Re: [asa] Thomas Torrance, Neo-orthodoxy and Evangelicalism

From: Clarke Morledge <>
Date: Sat May 05 2007 - 17:20:47 EDT


Elmer M. Colyer, at the University of Dubuque Theologial Seminary, wrote
_How to Read T.F. Torrance: Understanding His Trinitarian & Scientific
Theology_ (InterVarsity Press). Colyer is a colleague of Donald Bloesch.

Unless you are one of the PhD candidates who went to Scotland to get a
degree during the past thirty years or so, you probably would not have
bumped into Torrance (or his several sons who are also theologians --
though Ian Torrance is now president at Princeton Seminary). Thomas
Torrance is not the most accessible writer, but as McGrath has noted,
Torrance is probably THE most significant English writing theologian
around, particularly concerning the interaction between theology and

Torrance is influential at places like Fuller Seminary and Regent College
in Vancouver, so in those circles, Torrance would be considered
"evangelical". However, his close association in translating Karl Barth's
works to English probably generates a lot of skepticism among the Francis
Schaeffer/ Cornelius Van Til brand of reformed evangelicals. His views on
the ministry of women in the church probably does not gain him acceptance
among evangelical complementarians either.

Nevertheless, Torrance considers himself to be quite orthodox and
therefore "evangelical". He is obviously indebted to Barth but is also
critical of Barth's "neo-orthodox" dismissal of natural theology.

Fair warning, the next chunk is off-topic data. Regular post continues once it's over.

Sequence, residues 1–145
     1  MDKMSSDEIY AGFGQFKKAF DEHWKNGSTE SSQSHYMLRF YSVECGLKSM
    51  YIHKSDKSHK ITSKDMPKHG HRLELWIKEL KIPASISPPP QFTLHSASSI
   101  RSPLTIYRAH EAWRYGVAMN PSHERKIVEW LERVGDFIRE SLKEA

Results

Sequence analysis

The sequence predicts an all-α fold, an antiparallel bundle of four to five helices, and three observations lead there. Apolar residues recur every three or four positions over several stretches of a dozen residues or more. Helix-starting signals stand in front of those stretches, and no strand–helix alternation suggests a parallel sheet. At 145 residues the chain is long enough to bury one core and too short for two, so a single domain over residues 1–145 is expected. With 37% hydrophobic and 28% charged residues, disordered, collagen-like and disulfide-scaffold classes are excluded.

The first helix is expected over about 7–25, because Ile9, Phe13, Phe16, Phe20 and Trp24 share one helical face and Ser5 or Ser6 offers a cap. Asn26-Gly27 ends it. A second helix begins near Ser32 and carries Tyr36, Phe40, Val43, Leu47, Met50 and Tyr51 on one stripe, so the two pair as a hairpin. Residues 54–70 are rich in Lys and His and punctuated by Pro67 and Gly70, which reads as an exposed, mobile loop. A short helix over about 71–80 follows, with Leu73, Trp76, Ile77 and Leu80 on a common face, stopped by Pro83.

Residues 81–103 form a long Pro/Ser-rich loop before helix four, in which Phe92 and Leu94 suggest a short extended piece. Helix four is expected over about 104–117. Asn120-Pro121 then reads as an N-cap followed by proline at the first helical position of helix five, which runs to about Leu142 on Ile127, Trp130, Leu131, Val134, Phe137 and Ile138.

Nevertheless, I do not think there have been that many American
evangelicals who have had the patience to wade through his dense (yet very
rewarding, in my view) prose to make any significant judgements.

Blessings in Him,

Clarke Morledge
College of William and Mary
Information Technology - Network Engineering
Jones Hall (Room 18)
Williamsburg VA 23187

On Fri, 4 May 2007, David Opderbeck wrote:

> I've been reading Torrance's "Reality and Evangelical Theology" and eating
> it up. Would anyone know how evangelicals dialogue with Torrance? Would
> Torrance be considered an "evangelical" (whatever that exactly means, I
> guess)? Would he be considered neo-orthdox, or paleo-orthodox? Obviously I
> know of his connections with Barth and of Alister McGrath's connections with
> Torrance. Are there any treatments of Torrance by American evangelical
> theologians?

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Received on Sat May 5 17:21:15 2007

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